As mentioned, carbonaceous materials are quite attractive for replacement of Pt in DSSCs due to the high electronic conductivity, corrosion resistance toward I2 electrolyte, high reactivity for I3− reduction, and low cost. The lower catalytic activity of carbon compared to Pt can be compensated by increasing the active surface area of the electrode by using a porous electrode structure. For example, porous carbon electrodes are easily prepared from graphite powder, which consists of plate-like crystals that, on deposition from a liquid dispersion and drying, will preferentially align in the plane of the counter electrodes, resulting in a high conductivity in this plane. Numerous carbonaceous materials were studied for the fabrication of electrodes in DSSCs, using carbon vulcan, carbon black, activated carbon, carbon nanofibers, carbon nanotubes, graphene or the combination of these materials to fabricate the high-performance electrodes of DSSCs, like graphite-activated carbon , carbon black-graphite . Among these materials, graphene has attracted the most attention of researchers due to its outstanding properties [5, 24].
Andre Konstantin Geim and Konstantin Sergeevich Novoselov of the University of Manchester received the 2010 Nobel Prize in Physics for their pioneering research on graphene. Graphene is a flat monolayer of carbon atoms arranging like the structure of honeycombs with one atom thickness. Due to the special thickness, graphene is considered as a 2D material, as shown in Figure 2. Carbon atoms in graphene lattice are hybridized sp2 with the C-C bond length of 1.42 Å. Graphene is one of the basic carbon allotropes, including graphite, carbon nanotube, and fullerene. Graphene possesses not only all properties of graphite but also other extraordinary characteristics. Graphene has high carrier mobility at room temperature (~200,000 cm2 V−1 s−1), high specific area (2630 m2 g−1), excellent thermal conductivity (~3000 Wm−1 K−1), high Young modulus (~1 TPa), and high optical transparency (97.7%). Moreover, although graphene has low-density, it is up to 50 times stronger than steel [24, 25].
Because graphene is an atom-thick layer, it is a perfect nanoscale material and, therefore, has great potential in a very wide range of applications in the field of nanotechnology. Graphene has been extensively studied for nano-technological applications in field-effect transistors, solar cells, fuel cells, supercapacitors, rechargeable batteries, optical modulators, chemical sensors, drug delivery, and biomedical applications, in addition to other areas [26, 27].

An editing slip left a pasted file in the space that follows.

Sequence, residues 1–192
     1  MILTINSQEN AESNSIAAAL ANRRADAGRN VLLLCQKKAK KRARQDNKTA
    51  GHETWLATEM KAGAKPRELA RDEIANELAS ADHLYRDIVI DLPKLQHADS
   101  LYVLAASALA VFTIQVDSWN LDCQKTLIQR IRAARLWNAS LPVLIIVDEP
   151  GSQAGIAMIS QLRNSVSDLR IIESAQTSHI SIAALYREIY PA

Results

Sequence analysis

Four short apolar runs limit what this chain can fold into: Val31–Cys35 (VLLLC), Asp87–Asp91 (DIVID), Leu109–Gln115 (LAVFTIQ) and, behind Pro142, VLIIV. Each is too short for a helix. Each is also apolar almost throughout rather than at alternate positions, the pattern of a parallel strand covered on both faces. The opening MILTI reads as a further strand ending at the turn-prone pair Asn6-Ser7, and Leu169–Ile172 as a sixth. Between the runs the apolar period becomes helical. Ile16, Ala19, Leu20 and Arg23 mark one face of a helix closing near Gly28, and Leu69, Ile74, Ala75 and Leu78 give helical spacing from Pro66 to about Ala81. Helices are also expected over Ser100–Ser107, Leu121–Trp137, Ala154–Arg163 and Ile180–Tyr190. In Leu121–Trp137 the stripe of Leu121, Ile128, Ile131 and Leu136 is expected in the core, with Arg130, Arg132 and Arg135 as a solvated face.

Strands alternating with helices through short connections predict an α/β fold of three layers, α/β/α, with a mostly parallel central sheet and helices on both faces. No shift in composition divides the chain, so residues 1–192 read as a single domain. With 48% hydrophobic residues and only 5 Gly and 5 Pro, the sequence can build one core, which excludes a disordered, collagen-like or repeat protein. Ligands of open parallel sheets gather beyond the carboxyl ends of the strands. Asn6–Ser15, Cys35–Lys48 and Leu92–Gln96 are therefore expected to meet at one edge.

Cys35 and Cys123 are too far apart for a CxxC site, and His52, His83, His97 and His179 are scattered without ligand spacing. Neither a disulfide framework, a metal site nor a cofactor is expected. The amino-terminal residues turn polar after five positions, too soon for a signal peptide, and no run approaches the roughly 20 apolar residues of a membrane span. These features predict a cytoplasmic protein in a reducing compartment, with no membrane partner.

There are numerous methods for synthesis of graphene: mechanical exfoliation, chemical vapor deposition, epitaxial growth, chemical reduction, etc. [28, 29]. Among these methods, chemical reduction is a commonly used route for graphene synthesis. In this method, graphene is synthesized by reduction of graphene oxide (GO), which has the similar structure to graphene, with oxygen-containing functional groups introduced into the hexagon structure of graphene sheets. The synthesized graphene by this method is called rGO. Chemical reduction method is a cost-effective and widely available method for the mass production of rGO compared with thermal reduction and other methods. Otherwise, the synthesis procedure of graphene with bottom-up methods has revealed difficulty for applications in industry . In this study, GO was synthesized from graphite (Gi) using the Hummers’ method and GO was reduced to create rGO.
3.3 Graphene for fabrication of cathodes in DSSCs
In DSSCs, cathode carries out three functions. As a catalyst, the cathode facilitates the regeneration of redox couple i.e., the oxidized state of redox couple is reduced by accepting electrons at the surface of the electrode. As a positive electrode of primary cells, the cathode collects electrons from the external circuit and transfers electrons into the cell. As a mirror, unabsorbed light came through the photoanode and the electrolyte, which was partially reflected in the cell to enhance the utilization of the light [5, 31].
The cathode in DSSCs conventionally includes two parts: the substrate and the catalytic layer. The type of substrate mostly used in DSSCs is conductive glass substrates made by coating a layer of TCO on transparent glass. In DSSCs, the TCO substrate plays an important role in transmitting the incident light and leading the electrical current. Both transmittance and conductivity are crucial for the electrode of DSSCs. The conductive glass that is widely used in the fabrication of DSSCs is FTO .